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A centuries-old dream?

This book assesses the formation of Croatian national identity in the 1990s. It develops a novel framework, calling into question both primordial and modernist approaches to nationalism and national identity, before applying that framework to Croatia. In doing so, the book provides a new way of thinking about how national identity is formed and why it is so important. An explanation is given of how Croatian national identity was formed in the abstract, via a historical narrative that traces centuries of yearning for a national state. The book shows how the government, opposition parties, dissident intellectuals and diaspora groups offered alternative accounts of this narrative in order to legitimise contemporary political programmes based on different versions of national identity. It then looks at how these debates were manifested in social activities as diverse as football, religion, economics and language. This book attempts to make an important contribution to both the way we study nationalism and national identity, and our understanding of post-Yugoslav politics and society.

David Lloyd’s work

chapter7 21/12/04 11:19 am Page 127 7 Theorising race, racism and culture: David Lloyd’s work My focus here is an important and influential article by postcolonial scholar David Lloyd, ‘Race Under Representation’, published in the 1991 ‘Neo-Colonialism’ issue of Oxford Literary Review.1 Lloyd sets out to explain ‘how the meshing of racial formations can take place between various levels and spheres of social practice, as, for example, between political and cultural spheres or between the individual and the national level’ (p. 63). A central argument of his

in Postcolonial contraventions
Open Access (free)

point, if difficult to grasp in practice: that is, the significance of approaching questions of rights and abuse not only through convictions about what must be done, or the dealings of international diplomacy, but through attentiveness to and engagement with the social practices, circumstances and perceptions of the people directly involved in the situation. This is the work of listening to the parties and the people involved and creating conditions where they can be more clearly heard. Directions taken in the period leading up to the invasion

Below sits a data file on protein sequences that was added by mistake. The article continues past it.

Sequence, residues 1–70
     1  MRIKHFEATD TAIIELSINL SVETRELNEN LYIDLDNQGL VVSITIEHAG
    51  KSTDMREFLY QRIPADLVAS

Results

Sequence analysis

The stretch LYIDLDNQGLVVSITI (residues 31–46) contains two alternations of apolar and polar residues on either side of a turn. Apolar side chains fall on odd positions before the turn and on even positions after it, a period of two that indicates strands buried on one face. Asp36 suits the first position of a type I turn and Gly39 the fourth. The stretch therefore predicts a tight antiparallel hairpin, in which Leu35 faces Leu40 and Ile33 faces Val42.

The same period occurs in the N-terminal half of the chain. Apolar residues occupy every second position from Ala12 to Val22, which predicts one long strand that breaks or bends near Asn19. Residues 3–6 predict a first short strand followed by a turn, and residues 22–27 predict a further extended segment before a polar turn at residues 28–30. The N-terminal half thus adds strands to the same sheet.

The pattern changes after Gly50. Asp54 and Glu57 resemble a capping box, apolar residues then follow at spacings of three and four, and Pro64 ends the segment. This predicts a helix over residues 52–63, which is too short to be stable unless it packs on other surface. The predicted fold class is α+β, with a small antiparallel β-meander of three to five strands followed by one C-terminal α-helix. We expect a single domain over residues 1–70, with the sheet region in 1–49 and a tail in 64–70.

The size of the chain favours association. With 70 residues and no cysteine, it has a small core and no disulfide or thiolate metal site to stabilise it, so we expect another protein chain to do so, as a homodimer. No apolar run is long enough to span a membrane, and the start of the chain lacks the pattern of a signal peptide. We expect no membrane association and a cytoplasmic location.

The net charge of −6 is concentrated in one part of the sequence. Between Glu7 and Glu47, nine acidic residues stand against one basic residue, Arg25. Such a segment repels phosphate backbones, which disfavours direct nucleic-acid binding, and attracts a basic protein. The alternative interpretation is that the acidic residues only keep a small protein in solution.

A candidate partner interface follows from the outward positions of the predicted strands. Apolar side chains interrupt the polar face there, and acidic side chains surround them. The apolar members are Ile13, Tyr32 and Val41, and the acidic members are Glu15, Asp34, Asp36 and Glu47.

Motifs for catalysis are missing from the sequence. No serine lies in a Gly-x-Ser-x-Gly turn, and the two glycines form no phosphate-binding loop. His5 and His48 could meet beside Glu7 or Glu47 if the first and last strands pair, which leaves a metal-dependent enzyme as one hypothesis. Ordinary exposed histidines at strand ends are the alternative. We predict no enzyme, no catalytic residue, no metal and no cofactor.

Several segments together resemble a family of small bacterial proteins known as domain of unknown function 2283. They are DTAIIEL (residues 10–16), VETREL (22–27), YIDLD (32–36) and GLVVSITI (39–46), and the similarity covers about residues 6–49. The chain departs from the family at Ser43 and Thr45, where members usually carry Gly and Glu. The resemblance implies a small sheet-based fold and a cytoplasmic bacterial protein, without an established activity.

in Human rights and the borders of suffering
Open Access (free)
Competing claims to national identity

community of strangers the nation also has resonance in the locale. This resonance depends on the material aspects of the nation, principally the perpetuation of kinship-like ties in social practice. My argument is not that one level is more important than others but rather that national identity depends upon the interaction and interdependence of each level of abstraction (abstract frames, political entrepreneurs and social practice). MUP_Bellamy_08_Ch7 172 9/3/03, 9:38 173 C Modernist and primordialist approaches to national identity are incompatible and

in The formation of Croatian national identity
Open Access (free)